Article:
Google announced at last year’s Society for Information Display (SID) Display Week that the company was actively working on a VR-optimized OLED panel capable of packing in pixels at a density heretofore never seen outside of microdisplays – all at a supposedly ‘wide’ field of view (FOV). Now, it appears that the company is going to talk in detail about that high-resolution OLED at this year’s SID.
Update (1:20 PM ET): More details about Google’s pixel-packed VR display have come to light via the DisplayWeek event schedule: LG engineers will also be co-presenting at the session detailing the display with Google, likely indicating that LG was Google’s partner on the project.
“The world’s highest resolution (18 megapixel, 1443 ppi) OLED-on-glass display was developed. White OLED with color filter structure was used for high-density pixelization, and an n-type LTPS backplane was chosen for higher electron mobility compared to mobile phone displays. A custom high bandwidth driver IC was fabricated. Foveated driving logic for VR and AR applications was implemented.”
As first reported by OLED-info, an advanced copy of the event’s schedule maintains that a talk featuring Google hardware engineer Carlin Vieri will be taking place May 22nd.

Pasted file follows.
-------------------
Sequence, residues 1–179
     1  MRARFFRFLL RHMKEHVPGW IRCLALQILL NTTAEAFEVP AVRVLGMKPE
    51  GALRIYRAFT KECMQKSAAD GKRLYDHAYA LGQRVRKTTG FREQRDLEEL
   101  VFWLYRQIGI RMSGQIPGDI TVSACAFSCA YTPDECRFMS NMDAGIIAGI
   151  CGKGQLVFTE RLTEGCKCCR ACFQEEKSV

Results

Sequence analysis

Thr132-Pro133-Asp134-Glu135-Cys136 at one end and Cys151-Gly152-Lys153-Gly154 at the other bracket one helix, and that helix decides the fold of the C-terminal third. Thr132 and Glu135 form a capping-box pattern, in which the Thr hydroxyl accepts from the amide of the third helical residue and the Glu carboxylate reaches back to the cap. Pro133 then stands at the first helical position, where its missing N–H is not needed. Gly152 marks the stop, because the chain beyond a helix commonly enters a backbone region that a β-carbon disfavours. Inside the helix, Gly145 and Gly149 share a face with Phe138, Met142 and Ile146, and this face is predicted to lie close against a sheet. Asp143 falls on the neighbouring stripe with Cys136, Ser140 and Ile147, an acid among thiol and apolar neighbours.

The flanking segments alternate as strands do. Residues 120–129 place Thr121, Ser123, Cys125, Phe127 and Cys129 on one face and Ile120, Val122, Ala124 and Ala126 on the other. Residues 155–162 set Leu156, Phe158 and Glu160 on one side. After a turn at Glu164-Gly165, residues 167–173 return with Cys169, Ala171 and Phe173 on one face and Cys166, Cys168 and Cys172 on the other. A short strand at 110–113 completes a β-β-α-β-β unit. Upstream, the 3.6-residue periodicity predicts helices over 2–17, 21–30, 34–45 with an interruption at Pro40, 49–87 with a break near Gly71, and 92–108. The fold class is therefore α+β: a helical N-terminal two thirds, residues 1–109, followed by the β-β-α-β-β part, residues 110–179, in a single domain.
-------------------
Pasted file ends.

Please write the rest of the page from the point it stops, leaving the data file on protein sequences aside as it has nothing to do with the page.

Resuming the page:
The talk is named simply “18 Mpixel 4.3-in. 1443-ppi 120-Hz OLED Display for Wide-Field-of-View High-Acuity Head-Mounted Displays.” Such a display, OLED-Info postulates, could land somewhere around a resolution of 5500 × 3000. If correct, it has a clear advantage over even the highest resolution panels seen in current headsets such as the Samsung Odyssey or the upcoming HTC Vive Pro, both of which pack dual 1440 × 1600 resolution, 3.5 inch AMOLEDs at 90Hz.
Google’s VP of AR/VR Clay Bavor stated last year that the company “partnered deeply with one of the leading OLED manufacturers in the world to create a VR-capable OLED display with 10x more pixels than any commercially available VR display today,” saying that the panel under development would reach 20 megapixels per display – a bit higher than the display featured in the talk listed above, but holding the same implications.
Incorporating such a high-resolution display into a VR headset, Bavor explained, will also create enormous performance challenges of its own, and that data rates could range between 50-100 Gb/sec with current rendering configurations. Foveated rendering combined with eye-tracking is largely believed to be a solution to knocking down the massive graphical requirements for such a display. Yes, Google is researching foveated rendering too.
We’re hoping to find out more come May.